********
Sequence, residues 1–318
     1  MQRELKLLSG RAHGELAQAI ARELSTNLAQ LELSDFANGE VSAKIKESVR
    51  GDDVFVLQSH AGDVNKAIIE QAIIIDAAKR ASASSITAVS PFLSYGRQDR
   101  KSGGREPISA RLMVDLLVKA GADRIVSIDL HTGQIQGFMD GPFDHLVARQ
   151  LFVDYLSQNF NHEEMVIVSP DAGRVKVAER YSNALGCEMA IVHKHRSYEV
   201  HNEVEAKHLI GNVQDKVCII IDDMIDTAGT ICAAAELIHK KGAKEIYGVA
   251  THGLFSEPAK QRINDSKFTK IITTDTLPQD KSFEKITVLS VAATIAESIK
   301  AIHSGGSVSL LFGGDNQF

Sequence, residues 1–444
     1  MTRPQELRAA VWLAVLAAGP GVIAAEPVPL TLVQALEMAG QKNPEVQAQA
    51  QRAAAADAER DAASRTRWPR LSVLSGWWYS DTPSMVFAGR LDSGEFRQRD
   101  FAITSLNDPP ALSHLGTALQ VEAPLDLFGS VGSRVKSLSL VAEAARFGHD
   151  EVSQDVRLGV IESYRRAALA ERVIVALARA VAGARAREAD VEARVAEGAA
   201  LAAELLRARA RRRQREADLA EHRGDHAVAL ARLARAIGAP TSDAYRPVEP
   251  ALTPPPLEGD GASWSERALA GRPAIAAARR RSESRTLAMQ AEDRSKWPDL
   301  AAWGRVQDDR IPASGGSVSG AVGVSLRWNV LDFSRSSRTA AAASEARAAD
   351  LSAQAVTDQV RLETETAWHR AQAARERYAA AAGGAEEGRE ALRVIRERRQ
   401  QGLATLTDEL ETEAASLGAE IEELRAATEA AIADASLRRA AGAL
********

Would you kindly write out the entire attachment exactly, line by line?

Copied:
Sequence, residues 1–318
     1  MQRELKLLSG RAHGELAQAI ARELSTNLAQ LELSDFANGE VSAKIKESVR
    51  GDDVFVLQSH AGDVNKAIIE QAIIIDAAKR ASASSITAVS PFLSYGRQDR
   101  KSGGREPISA RLMVDLLVKA GADRIVSIDL HTGQIQGFMD GPFDHLVARQ
   151  LFVDYLSQNF NHEEMVIVSP DAGRVKVAER YSNALGCEMA IVHKHRSYEV
   201  HNEVEAKHLI GNVQDKVCII IDDMIDTAGT ICAAAELIHK KGAKEIYGVA
   251  THGLFSEPAK QRINDSKFTK IITTDTLPQD KSFEKITVLS VAATIAESIK
   301  AIHSGGSVSL LFGGDNQF

Sequence, residues 1–444
     1  MTRPQELRAA VWLAVLAAGP GVIAAEPVPL TLVQALEMAG QKNPEVQAQA
    51  QRAAAADAER DAASRTRWPR LSVLSGWWYS DTPSMVFAGR LDSGEFRQRD
   101  FAITSLNDPP ALSHLGTALQ VEAPLDLFGS VGSRVKSLSL VAEAARFGHD
   151  EVSQDVRLGV IESYRRAALA ERVIVALARA VAGARAREAD VEARVAEGAA
   201  LAAELLRARA RRRQREADLA EHRGDHAVAL ARLARAIGAP TSDAYRPVEP
   251  ALTPPPLEGD GASWSERALA GRPAIAAARR RSESRTLAMQ AEDRSKWPDL
   301  AAWGRVQDDR IPASGGSVSG AVGVSLRWNV LDFSRSSRTA AAASEARAAD
   351  LSAQAVTDQV RLETETAWHR AQAARERYAA AAGGAEEGRE ALRVIRERRQ
   401  QGLATLTDEL ETEAASLGAE IEELRAATEA AIADASLRRA AGAL